In little more than a decade, the "satanic panic" has followed the same course that UFOlogy took some 40 years to travel. The hard physical evidence for either flying saucers or a nationwide conspiracy of child-slaughtering satanists never really turned up. But the basic myth-model became known to everyone thanks to years of fringe-culture circulation and media sensationalism; after a while, hundreds of people were turning up with stories that "confirmed" these mythologies.

Lately, both claims have gained new life through the same method: the use of hypnosis and trance-induced states to elicit "hidden" or "repressed" memories of abduction, ritualized abuse, and personal violation. A recent "Prime Time Live" segment demonstrated how strong these memories can seem: regressed patients were shown in convulsions, strangling their teddy bears and screaming about how they hated their parents for being satanists. There has also been a confluence of satanic ritual abuse (SRA) claims with similar therapies designed to uncover hidden memories of childhood abuse - thereby giving SRA claims a legitimacy among many therapists that even the lack of actual forensic evidence can't shake.

The issues regarding hypnosis and memory are far more complex than the "uncovered repressed memory" model most people are told about. For example, most SRA therapists claim that the events described are so horrible that children have no choice but to blot out all conscious memory. The problem is, this requires believing that these particular events cause every child to react in an extreme and uniform manner.

And hypnotic regression is more likely to create false memories than it is to uncover any hidden or repressed truths. The patient is in a dependent, suggestible state, and a variety of motivations (desire to please the therapist, the need to make sense of one's problems, leading questions from the therapist, and so on) contribute to the creation of a shared fantasy. George Ganaway, director of the Ridgeview Center for Dissociative Disorders in Atlanta, Georgia, says:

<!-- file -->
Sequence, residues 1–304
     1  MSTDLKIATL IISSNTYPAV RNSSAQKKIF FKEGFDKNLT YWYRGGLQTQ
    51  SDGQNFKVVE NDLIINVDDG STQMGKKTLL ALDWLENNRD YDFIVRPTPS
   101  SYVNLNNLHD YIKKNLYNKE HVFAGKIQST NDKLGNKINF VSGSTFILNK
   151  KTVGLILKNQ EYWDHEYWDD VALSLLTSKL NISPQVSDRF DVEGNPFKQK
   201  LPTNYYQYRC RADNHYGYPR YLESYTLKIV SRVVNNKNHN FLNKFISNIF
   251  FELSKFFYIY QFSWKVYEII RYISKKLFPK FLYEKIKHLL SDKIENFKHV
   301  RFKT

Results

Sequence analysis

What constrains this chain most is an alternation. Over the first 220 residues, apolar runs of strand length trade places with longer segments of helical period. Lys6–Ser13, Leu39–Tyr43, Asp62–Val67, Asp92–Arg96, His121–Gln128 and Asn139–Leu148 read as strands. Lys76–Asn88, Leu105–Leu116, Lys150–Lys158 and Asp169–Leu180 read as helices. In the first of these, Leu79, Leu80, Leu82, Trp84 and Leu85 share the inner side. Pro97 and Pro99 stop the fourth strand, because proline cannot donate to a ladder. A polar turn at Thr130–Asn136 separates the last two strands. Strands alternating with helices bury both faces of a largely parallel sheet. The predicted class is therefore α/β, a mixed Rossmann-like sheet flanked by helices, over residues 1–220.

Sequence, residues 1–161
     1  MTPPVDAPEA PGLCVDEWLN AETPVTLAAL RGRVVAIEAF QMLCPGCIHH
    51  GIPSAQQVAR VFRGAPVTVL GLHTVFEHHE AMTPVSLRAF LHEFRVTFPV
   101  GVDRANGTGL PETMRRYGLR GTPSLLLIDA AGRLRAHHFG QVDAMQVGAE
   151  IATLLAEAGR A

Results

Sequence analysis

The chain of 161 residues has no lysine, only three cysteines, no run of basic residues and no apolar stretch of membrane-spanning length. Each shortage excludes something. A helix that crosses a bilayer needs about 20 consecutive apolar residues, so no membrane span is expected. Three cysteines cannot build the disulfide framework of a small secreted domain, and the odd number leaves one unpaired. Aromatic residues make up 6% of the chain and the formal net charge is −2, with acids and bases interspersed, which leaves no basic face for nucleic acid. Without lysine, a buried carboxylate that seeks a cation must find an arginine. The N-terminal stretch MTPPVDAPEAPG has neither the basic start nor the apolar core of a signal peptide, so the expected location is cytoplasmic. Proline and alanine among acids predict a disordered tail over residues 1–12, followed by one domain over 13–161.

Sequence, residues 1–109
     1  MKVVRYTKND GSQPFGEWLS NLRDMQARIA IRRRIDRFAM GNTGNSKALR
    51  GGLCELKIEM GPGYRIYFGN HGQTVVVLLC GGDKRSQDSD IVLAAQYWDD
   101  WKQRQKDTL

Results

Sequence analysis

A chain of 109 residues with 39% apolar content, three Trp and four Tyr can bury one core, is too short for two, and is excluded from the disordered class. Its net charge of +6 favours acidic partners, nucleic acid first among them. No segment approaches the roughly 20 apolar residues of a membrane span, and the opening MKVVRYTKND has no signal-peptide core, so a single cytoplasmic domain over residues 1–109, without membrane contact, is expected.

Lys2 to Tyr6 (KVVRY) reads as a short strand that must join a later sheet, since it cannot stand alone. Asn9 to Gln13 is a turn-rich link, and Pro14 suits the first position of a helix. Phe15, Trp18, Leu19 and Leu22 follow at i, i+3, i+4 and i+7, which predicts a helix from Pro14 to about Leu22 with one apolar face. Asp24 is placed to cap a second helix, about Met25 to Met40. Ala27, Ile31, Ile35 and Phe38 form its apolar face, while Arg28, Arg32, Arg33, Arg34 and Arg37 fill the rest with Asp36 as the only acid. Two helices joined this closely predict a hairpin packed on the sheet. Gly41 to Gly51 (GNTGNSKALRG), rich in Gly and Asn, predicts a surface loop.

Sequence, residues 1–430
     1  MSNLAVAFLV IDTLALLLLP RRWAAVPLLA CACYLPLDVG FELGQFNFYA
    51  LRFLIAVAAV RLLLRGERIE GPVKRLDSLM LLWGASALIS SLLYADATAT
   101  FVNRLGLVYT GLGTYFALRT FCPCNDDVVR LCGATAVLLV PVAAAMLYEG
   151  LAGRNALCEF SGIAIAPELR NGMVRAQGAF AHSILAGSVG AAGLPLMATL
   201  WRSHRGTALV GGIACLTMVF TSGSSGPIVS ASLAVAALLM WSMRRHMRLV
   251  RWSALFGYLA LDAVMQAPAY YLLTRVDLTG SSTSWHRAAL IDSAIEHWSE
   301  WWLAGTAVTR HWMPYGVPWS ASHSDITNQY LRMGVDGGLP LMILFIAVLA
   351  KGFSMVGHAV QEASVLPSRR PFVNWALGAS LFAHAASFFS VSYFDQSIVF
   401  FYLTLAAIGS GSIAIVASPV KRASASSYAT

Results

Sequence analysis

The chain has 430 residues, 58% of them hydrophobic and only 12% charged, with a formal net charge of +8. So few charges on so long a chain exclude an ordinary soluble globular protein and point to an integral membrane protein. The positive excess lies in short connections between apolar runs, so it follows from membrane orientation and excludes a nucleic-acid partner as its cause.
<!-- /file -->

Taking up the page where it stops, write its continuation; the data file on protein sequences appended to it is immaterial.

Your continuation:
Many of the clinicians in my field

began to attend seminars held by

authorities around the country,

who were reporting that their patients

seemed to be telling similar

stories about transgenerational

mega-cults involved in human sacrifices.

The people who attended

these seminars would go back to

their practices with fists of questions

for their patients in the

trance state, and began to report

stories from their own patients.

This samizdat of conferences and photocopied papers has led to ever-more-elaborate claims, mainly to explain away the lack of forensic evidence. One therapist I spoke to - who, friends assured me, does otherwise admirable work with support groups for sexual minorities - maintained, in all seriousness, that judges, doctors, and police departments were part of the cult, thus making prosecutions impossible. She also fed me some figures that, when extrapolated, outlined a death toll of nearly two million babies sacrificed every year. These babies were provided by "breeders," women who conceive children secretly and specifically for sacrifice. (Hearing this, I began to wonder whether her clients were papering their walls with tinfoil to keep out the mind-reading microwaves of the Chewy Bubble Gum People.)

Perhaps most infuriating is the insistence of SRA therapists and their devotees that doubters are "in denial" over the issue. "The horror and grotesqueness of these details are too much to accept. People would rather believe that survivors - particularly women survivors - are crazy," Rose writes. This "I'm not crazy, you're in denial" dodge is pretty standard among the Satan-mongers.